For US hard rockers Extreme the new public interest and awareness of them saved their career. They’d been around for a long time without a great deal of success (cult status is flattering, but it hardly fills your stomach) and were about to give up on their second album when the sudden hit “More Than Words” reaffirmed their record company’s faith in their money-making potential. It gave the label the confidence to let the band work on their new three sided album without interference – even though such a format is a big risk – because now they’ve had a hit they’re guaranteed some sales. It’s therefore more than a little ironic that the song metalheads call a sellout has allowed the band to continue making their music on their own terms and given them the freedom to express what they’re really like. Whether or not we will still like it is another matter.
Of course there’s now the small dilemma of ‘what is Extreme?’ Is it a hard rocking band or the two nice boys of the video who appeal to the kind of people who run screaming from a Slayer t-shirt? Still, the band now has the opportunity to sort this out, with a very large audience deciding on the fate of their next offering. Chances are that now they know about them they‘ll stick around to see what they’ll come up with next – as long as it’s not too different and there’s at least one nice slow ballad.
“Rock’n‘roll is not about writing formulated songs to get a quick buck,” said Extreme vocalist Gary Cherone. “That’s the kiss of death. No one would respect you any more. We have our integrity, and that’s important.”
The situation with Mr Big is remarkably similar. “After a period in the wilderness and years of collectively paying their dues. Mr Big has emerged as the band to follow Extreme down the path to mass acceptance,” wrote a Maura Sutton in the introduction to a recent story on Mr Big. And Steffan Chirazi reviewed their worldwide hit “To Be With You” thus: “I’m sick of bands trying to write their way into the charts.” But what he found out later is that that song is years old and had remained half-written in the head of vocalist Eric Martin since he was a teenager. He had never played it to any of his bands because he thought they would hate it – but they didn’t, and nor has a large section of the record buying public. Given that most Mr Big fans think it’s a cop out, that must mean that it isn’t fans who are buying the single.
“It’s weird,” noted Eric. “The same people who put you right up there end up using you for the dartboard. It’s pretty funny.” He couldn’t repeat the success of the song, he claims, because it was ultimately a fluke. “I
know people are enjoying it, but I’ve written shitloads of better songs.” Ain’t that the truth.
Certainly there must be some frustration in being known only for a track not fully representative of the band, but hopefully people are buying Lean Into It, and discovering the band – somehow I doubt it.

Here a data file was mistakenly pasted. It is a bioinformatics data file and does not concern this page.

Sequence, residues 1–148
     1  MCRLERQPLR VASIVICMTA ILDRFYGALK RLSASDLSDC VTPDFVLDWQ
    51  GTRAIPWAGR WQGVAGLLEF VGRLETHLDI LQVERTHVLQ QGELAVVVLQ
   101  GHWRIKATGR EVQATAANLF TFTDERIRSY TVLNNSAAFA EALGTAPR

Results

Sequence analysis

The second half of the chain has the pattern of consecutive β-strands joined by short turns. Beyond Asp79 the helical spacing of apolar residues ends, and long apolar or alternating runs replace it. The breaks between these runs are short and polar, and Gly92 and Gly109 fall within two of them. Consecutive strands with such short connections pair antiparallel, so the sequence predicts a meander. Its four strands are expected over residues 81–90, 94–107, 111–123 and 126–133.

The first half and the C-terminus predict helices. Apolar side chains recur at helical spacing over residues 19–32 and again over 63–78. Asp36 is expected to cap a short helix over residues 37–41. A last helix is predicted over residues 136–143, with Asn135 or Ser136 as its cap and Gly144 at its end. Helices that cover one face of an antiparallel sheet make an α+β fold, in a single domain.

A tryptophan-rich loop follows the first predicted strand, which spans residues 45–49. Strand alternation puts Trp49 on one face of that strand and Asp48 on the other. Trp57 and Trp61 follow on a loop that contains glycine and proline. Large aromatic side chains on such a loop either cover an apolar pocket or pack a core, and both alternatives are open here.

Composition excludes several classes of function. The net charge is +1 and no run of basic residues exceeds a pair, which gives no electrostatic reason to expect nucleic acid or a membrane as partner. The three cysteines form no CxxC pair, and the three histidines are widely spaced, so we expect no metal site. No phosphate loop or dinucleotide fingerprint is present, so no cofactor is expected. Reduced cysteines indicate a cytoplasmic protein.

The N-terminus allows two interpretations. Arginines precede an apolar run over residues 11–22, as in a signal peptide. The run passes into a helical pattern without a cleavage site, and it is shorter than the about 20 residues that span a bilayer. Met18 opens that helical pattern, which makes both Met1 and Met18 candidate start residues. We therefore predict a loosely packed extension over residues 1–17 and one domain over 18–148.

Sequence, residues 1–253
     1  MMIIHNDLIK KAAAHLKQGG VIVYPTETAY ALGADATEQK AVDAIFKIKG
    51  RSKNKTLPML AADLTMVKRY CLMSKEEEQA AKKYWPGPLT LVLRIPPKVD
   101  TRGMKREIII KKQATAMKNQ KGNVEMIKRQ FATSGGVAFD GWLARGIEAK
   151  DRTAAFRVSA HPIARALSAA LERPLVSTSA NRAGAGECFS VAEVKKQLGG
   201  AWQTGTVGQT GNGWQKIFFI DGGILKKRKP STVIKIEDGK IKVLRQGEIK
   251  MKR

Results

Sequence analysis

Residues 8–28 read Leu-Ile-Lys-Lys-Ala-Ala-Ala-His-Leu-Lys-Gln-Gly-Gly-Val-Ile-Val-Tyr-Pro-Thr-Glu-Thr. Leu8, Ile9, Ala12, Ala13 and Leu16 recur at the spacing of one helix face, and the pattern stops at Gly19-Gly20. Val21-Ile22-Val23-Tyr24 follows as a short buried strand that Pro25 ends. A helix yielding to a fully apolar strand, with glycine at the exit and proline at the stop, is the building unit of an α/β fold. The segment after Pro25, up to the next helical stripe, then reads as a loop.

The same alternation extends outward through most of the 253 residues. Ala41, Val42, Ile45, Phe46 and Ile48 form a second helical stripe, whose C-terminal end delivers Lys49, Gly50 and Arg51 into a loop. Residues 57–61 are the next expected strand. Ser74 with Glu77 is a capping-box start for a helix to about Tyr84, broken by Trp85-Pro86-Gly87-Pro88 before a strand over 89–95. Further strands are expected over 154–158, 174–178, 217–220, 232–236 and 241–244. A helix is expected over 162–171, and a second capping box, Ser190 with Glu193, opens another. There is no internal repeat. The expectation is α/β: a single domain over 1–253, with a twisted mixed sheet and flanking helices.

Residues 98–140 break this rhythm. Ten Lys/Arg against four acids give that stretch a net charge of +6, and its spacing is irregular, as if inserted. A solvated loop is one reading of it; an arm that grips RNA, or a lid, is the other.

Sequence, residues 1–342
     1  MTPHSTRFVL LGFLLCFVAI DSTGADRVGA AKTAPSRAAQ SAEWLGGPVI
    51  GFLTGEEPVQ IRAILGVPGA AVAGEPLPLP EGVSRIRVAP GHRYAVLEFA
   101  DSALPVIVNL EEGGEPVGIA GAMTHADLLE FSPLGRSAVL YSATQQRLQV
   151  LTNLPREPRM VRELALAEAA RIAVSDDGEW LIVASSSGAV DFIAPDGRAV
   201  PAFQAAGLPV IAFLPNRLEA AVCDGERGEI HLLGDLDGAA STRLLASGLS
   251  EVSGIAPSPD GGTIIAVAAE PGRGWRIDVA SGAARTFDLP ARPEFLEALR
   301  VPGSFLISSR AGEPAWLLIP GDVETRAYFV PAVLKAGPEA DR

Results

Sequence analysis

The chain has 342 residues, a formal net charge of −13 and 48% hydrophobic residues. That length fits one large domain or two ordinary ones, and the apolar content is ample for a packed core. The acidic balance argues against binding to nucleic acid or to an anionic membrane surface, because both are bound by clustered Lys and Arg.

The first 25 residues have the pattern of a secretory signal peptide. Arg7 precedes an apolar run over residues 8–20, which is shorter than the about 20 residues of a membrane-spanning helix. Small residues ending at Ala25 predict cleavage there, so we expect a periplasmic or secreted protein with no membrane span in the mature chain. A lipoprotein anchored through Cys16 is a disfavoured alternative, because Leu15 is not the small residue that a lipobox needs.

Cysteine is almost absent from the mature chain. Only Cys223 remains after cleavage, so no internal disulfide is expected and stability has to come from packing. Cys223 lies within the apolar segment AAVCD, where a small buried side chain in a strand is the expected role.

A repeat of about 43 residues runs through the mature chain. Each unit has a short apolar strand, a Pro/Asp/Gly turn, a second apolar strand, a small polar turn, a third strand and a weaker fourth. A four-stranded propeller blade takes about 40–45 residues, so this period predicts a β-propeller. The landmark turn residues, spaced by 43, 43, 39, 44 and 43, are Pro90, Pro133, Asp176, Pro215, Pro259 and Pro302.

Guitarist Paul Gilbert was just as surprised, and pleased, with Mr Big’s sudden success: “It’s funny because most bands in the pop charts are either ‘hair’ bands or have some image thing. They can’t be musicians – it has to be a dance song or real image-orientated. I always thought, ‘Well, I’m a musician, I can’t rely on my clothes or a drum machine.’ I figured I’d probably never have a number one single, but at least I’d be true to myself.” I must wonder whether he‘s seen the clip, sitting as it does so comfortably next to other top 40 stuff.
And the question remains: If these bands are true to themselves, and their ballads are getting more people into the heavier stuff, how come they’re at the top of the singles charts but their albums haven’t done the same? Most of the fans who bought the albums would have done so anyway, no matter what the single sounded like. Did those who bought the single buy the album?
l have to admit that if Alice Cooper mellowed too drastically I would be devastated. I respect him as an, artist and I respect his right to explore different territory, but I would be disappointed if he released something that was without his intrinsic weirdness and heaviness. To maintain an artist’s interest and creativity they must be
allowed to grow musically, but not so drastically that the feeling that originally appealed to fans is gone.
“Bands need to be able to try different things, because it gets a bit boring if you have to do the same thing all the time,” Dave Harrison said. He’s speaking from experience because as Allegiance have grown they’ve developed a slightly more varied style that their fans have loved – though the band ain’t planning a “More Than Words” cover.
It’s a sad truth that to maintain artistic control and to ensure survival, especially in an isolated country such as Australia, bands must sell records. Nirvana didn’t sell out by signing to a major and shipping millions
of copies of Nevermind – in fact they gave record companies around the world the confidence to sign other left-of-centre bands.
“In the post-Nirvana age any indie band is getting snapped up and signed to a major label, and it’s almost too fast I think,” Sonic Youth’s Steve Shelley said. And while it is doubtful whether many, if any, will attain the success of Nirvana, the fact that they’re now getting signed must be seen as a good thing.
“I think Metallica’s success with that song has helped them cross over to an audience that wasn’t into metal before,” says Allegiance’s Dave. “Now that people know about Metallica, they’ll hear about other bands and want to check them out too. Record companies might be more adventurous now that they know there’s people out there who will hopefully buy the albums.” We will see, we will see…
From Hot Metal #42, August 1992